Ethnicity and the geometry of power: One moment in the imagination of the polity
Ethnicity, for those who subscribe to the concept, is understood to be one 'part' of a polity that contains, at least, other 'ethnicities' and probably many other kinds of groupings and 'parts'. This paper argues that in order to understand ethnicity, we must seek to understand why it is that people believe that 'society' is composed of 'parts' and to understand how those parts are visualized and 'imagined'. [To say that they are imagined does not means that they are thought of as merely 'imaginary', but rather that they depend on images and beliefs]. In short, it is argued that 'ethnicities' are conceptualised quite literally as maps, puzzles, blocks or masses, as groups or sets, as levels or power 'bases'. Ethnicity can be also understood, at a higher level of generalization as one moment, or part, of a complex visualization of other sorts of social power such as 'state', 'family' 'economic', spiritual/ancestral', 'witchcraft/sorcery' and so on. Ethnicity, seen in this way then, appears not as some special 'social formation', but rather as a special case of the visualization (or objectification, reification) and metaphorization of social relations. It is these visualizations that make political rhetoric and recruitment possible. They are objectified in 'ethnic' dress, dance, the built environment, bodily dispositions, ritual forms, and other cultural displays Ethnicity, then, is an aesthetic phenomenon, and must be understood at least partly in these terms. This approach permits us to reason about why special kinds of social power are associated with certain 'ethnicities' and thus to understand the cultural basis for an imagined, socially transmitted and sanctioned geometry of social power.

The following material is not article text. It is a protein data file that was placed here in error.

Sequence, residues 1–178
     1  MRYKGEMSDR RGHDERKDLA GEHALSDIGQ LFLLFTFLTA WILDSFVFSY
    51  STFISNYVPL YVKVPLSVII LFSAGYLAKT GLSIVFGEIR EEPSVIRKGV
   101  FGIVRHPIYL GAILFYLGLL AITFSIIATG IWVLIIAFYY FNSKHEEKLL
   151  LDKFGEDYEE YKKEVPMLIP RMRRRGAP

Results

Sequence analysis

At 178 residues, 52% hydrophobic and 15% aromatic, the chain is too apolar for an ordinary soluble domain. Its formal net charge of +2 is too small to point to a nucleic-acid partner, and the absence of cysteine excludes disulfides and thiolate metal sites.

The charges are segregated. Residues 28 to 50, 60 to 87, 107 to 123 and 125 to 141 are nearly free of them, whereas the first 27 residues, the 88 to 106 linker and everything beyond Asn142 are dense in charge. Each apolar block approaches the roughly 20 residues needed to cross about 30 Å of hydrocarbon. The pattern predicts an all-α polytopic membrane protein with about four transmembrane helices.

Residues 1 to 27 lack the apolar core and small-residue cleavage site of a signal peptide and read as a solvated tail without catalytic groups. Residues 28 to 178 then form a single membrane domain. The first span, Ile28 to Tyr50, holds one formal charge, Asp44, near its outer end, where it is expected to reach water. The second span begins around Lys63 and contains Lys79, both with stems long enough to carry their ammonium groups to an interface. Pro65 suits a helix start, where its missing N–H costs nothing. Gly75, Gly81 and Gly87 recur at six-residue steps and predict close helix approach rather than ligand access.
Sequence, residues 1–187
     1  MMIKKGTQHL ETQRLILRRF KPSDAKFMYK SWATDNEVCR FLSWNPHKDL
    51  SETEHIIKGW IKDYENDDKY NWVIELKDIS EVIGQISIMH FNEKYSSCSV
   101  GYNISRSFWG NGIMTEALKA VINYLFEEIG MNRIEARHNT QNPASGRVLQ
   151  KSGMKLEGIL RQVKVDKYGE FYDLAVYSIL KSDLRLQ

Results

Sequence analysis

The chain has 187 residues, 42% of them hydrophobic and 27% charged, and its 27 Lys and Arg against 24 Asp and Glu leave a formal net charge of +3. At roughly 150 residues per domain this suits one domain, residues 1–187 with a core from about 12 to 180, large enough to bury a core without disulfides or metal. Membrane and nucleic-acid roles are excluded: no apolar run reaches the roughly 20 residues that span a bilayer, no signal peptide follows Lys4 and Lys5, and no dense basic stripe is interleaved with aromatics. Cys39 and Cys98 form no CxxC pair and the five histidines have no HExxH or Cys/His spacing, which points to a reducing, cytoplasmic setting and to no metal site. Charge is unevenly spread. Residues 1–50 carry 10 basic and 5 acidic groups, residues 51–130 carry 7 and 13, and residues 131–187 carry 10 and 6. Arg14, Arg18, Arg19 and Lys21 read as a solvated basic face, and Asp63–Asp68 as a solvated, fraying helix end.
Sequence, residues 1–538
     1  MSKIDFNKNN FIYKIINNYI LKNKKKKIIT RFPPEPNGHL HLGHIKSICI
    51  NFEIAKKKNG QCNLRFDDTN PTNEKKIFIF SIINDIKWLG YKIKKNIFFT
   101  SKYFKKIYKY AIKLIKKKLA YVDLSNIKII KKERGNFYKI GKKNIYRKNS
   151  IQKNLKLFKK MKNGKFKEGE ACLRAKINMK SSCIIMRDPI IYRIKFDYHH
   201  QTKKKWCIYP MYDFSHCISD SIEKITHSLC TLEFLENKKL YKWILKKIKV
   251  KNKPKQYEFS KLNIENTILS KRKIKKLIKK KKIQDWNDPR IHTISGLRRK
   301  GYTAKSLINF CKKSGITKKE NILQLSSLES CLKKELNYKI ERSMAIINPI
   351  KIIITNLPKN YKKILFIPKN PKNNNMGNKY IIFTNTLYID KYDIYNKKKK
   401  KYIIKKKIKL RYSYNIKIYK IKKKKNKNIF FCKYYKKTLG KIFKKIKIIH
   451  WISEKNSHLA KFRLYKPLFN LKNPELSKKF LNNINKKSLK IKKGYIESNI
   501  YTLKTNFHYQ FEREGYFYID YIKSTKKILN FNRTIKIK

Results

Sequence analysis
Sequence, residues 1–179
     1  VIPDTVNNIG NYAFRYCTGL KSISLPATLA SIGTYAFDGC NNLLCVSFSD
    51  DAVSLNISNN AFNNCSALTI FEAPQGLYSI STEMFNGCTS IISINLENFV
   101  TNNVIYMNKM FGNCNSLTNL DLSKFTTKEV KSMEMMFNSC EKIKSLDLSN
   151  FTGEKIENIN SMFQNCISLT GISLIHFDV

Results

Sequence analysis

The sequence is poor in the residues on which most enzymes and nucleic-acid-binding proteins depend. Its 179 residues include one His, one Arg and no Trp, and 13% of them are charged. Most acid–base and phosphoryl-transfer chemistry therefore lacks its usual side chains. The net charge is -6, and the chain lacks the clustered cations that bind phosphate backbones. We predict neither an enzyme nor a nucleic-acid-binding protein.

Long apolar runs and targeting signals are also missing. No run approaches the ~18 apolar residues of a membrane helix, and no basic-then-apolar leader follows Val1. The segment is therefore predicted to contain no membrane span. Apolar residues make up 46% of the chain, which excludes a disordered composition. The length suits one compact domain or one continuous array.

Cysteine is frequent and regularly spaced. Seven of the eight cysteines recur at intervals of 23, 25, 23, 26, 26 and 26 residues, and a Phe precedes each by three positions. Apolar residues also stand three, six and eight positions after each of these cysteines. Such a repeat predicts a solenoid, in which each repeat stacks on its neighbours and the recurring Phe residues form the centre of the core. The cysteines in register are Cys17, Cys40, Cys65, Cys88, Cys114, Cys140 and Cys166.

African Studies Seminar series. Paper presented 29 March 1993
Ethnicity. Congresses, Power (Social sciences). Congresses